vigating the Yazoo. It may become necessary for me to look to that base for supplies, before we get through. On the 18th, came at last the unwelcome word from Washington: It is the wish of the President that General McClernand's corps shall constitute a part of the river expedition, and that he shall have the immediate command uary of War. On the 30th of January, McClernand wrote to Grant: If different views are entertained by you, then the question should be immediately referred to Washington, and one or other, or both of us, relieved. One thing is certain: two generals cannot command this army, issuing independent and direct orders to subordinate oing and in conversation, that the only chance for the success of the enterprise was in his assuming command of it in person. He finally received authority from Washington to relieve McClernand, and either appoint the next officer in rank in his place, or to assume himself the immediate command. See Appendix for original and im
that road. Make such disposition of the troops within your command as you may deem advisable for the best protection of your lines of communication. When the road to Corinth is completed, put in there, as speedily as possible, sixty days supply of provisions and forage. . . . Telegraph to General Halleck direct, the forces I have drawn from you, and should reenforcements be found necessary to hold your district, let him know it. Whilst headquarters are so distant, communicate direct with Washington in all important matters, but keep me advised at the same time of what is going on. You will have a large force of cavalry; use it as much as possible in attracting attention from this direction. Impress upon the cavalry the necessity of keeping out of people's houses, or taking what is of no use to them in a military point of view; and, in conformity with the views entertained by him, since Shiloh, he said: They must live as far as possible off the country through which they pass, and d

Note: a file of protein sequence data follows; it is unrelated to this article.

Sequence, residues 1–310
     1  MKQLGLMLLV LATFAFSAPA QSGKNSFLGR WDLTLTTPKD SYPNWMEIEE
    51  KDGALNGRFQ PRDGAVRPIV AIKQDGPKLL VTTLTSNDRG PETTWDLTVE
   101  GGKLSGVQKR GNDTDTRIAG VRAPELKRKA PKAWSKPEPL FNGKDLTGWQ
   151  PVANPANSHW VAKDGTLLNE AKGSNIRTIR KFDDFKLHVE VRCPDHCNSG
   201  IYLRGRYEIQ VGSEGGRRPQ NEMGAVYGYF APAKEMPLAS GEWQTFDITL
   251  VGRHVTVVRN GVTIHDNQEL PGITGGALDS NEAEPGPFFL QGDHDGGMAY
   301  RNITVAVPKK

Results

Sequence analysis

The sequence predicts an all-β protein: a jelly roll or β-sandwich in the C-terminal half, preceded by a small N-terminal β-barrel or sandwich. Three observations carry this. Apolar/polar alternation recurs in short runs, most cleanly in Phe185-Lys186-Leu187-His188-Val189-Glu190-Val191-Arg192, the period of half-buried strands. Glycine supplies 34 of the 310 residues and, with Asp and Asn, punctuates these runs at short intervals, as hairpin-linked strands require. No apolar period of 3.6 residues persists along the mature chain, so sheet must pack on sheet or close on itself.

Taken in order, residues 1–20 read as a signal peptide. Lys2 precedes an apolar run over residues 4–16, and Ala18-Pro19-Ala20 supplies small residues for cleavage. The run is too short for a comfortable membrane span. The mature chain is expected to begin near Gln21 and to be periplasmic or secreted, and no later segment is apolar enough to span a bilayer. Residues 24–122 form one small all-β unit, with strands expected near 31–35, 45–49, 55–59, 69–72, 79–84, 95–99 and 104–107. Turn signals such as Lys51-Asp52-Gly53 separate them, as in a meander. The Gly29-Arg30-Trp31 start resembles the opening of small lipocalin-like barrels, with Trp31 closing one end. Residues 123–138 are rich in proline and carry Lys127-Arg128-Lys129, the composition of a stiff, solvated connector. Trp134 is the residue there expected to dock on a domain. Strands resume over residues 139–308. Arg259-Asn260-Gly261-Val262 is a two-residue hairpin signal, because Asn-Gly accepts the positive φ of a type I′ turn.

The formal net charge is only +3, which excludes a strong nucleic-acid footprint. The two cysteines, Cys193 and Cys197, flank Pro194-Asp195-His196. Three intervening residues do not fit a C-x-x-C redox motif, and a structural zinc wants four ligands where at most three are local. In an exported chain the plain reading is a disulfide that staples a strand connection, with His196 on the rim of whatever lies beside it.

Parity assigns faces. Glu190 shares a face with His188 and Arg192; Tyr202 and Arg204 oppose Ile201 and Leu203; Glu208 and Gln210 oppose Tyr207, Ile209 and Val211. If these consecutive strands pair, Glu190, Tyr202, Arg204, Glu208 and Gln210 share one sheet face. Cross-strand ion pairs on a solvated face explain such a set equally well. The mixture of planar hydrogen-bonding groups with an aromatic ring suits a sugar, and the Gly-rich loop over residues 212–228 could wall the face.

to cover the point where the fortifications were to be entered. At the appointed hour, Blair advanced in line, but the ground on both sides of the road was so impracticable, cut up in deep chasms, and filled with standing and fallen timber, that it was impossible for the assaulting parties to reach the trenches in any thing like an organized condition. The Thirteenth United States infantry was the first to strike the works, and planted its colors on the exterior slope; its commander, Captain Washington, was mortally wounded, and seventy-seven men out of two hundred and fifty, were either killed or wounded. Two volunteer regiments reached the same position nearly as soon, and held their ground, firing upon every head that presented itself above the parapet, but failed to effect a lodgment or even penetrate the line. Other troops also gained positions on the right and left, close to the parapet, but got no further than the counterscarp. The rebel fire was hot, and the national loss